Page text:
My Relationship with Revision
July 31, 2022
Neema Ejercito (she/her/hers), Low Entropy Volunteer Writer
From as far back as I can remember, I have always loved revising. From the nit-picking of dotting the i’s and crossing the t’s to deleting entire paragraphs and rewriting sections of a paper, I have always loved to revise. So much so that my dream job used to be editor-in-chief. Of what medium? It didn’t matter, as long as that was my title. But then I talked to a writer friend who is the opinion editor of a Philippine periodical and heard her complain about what a drag it was to be an editor to these senior males who thought she was far too much of a nube to correct their spelling, much less their clarity in expression. She complained about the desk job and wished she were “out there” writing again, covering stories. That’s when I really wondered if that was the kind of dream job for me.
I realized that it was not. I wanted to keep writing and revising until the day I died. No retirement for me. Retirement is such an ‘80s concept to me anyway. I read an article on Flipboard that talked about how retirement has become somewhat dated and how the trend is now to work till you drop. I didn’t even need to know it was a trend to realize that I was going to die writing. I was even thinking the other day how I could make a sci-fi story of a future where senior writers simply had to speak to a device that typed for them what they were saying, instead of struggling to get their thoughts down on paper or on the screen with their arthritic hands.
So my relationship with revision has always been positive. And yes, for me it’s normal to berate myself a bit when I realize I’ve made a typo. But for some reason, I am easier on myself when the revision requires a more or less complete overhaul of what I’ve written. I think that’s because I’ve discovered a way to somehow feel like I keep all that I write. Per piece, I have a Notes entry on what I delete. That way, should I ever need that brilliantly-composed-but-must-delete section, I have quick access. Have I ever used them? Once, at most. But it makes me feel more comfortable letting go of what I wrote, since I know where to find it. I got the concept from parenting advice columns that would talk about having playdates at the house. Ask your child what toys they would absolutely not want to share and put those away. That way, you reduce the stress on yourself and everyone for having your child unprepared to have their favourites played with by someone else.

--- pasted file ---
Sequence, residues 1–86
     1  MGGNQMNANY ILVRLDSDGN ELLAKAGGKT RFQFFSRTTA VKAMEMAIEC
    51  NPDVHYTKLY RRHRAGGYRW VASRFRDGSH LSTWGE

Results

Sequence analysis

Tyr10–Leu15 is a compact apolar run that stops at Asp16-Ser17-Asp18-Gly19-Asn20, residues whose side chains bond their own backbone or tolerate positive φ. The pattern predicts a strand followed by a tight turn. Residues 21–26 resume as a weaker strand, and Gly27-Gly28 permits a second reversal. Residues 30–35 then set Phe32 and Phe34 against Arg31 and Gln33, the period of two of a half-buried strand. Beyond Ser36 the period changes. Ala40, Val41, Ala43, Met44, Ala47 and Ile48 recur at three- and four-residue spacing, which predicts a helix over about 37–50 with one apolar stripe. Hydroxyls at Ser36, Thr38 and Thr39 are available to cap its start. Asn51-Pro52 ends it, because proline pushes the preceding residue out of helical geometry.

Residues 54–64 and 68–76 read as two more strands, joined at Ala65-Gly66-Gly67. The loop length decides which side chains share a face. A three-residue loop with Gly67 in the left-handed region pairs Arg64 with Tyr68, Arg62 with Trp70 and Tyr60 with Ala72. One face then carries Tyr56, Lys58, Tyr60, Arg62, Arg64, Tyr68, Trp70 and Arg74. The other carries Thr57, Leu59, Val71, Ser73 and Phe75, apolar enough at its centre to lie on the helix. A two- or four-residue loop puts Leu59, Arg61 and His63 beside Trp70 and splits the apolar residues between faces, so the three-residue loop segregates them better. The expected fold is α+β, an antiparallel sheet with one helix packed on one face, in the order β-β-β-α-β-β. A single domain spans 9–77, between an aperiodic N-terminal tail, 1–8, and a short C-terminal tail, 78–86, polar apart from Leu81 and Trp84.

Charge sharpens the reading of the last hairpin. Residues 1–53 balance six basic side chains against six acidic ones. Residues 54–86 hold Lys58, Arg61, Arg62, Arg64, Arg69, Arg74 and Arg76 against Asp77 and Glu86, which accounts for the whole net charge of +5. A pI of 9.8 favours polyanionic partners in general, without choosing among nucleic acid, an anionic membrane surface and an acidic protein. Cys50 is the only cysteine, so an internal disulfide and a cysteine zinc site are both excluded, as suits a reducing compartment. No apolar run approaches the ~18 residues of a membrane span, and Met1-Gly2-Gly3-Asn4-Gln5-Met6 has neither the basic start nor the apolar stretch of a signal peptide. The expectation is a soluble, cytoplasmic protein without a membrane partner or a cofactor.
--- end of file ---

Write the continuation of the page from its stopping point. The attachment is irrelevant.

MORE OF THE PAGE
That being said, a weakness in my love for revision is when I get caught up in perfection. I focus more on the correct placement of a comma and the proper use of a period sometimes than on the content. I eat my own words of allowing myself to write freely when I keep correcting what I write, valuing correctness over communication. It’s even affected how I read other people’s work sometimes.
I’m glad I’m a bit looser about that weakness now, but it’s still something I continually work on: not letting the perfect be the enemy of the good. I don’t ever want to be turned off from writing because of the “wrong crowd,” but there was a time when I really questioned all the years of writing and maturing I’d done in my craft because I believed certain, truly uninfluential-in-my-craft people. True enough, I found my way back when I focused on improving on my craft instead of listening to them. So glad to be back.
I know I will still veer off the path from time to time, but I’m glad to say my relationship with revision continues to grow. I feel that revising is always a step in the right direction. I don’t have to rush it; I just have to take the first step. Always.
Neema Ejercito is a professional writer, director and creative writing mentor. Her 3D edutainment series for beginning readers, AlphaBesties, is showing in YouTube Japan and Prairie Kids. When she’s not writing or mentoring, she manages her household with her very supportive husband and three children.
At Low Entropy, we believe changing the world starts with changing ourselves.
Founded in 2015, Low Entropy Facilitates conversations that encourage diversity and promote inclusivity.
We understand that life can be confusing at times. It can seem challenging and sometimes you may feel like no one really “gets you.” We offer an opportunity to connect with others who have the capacity to understand you.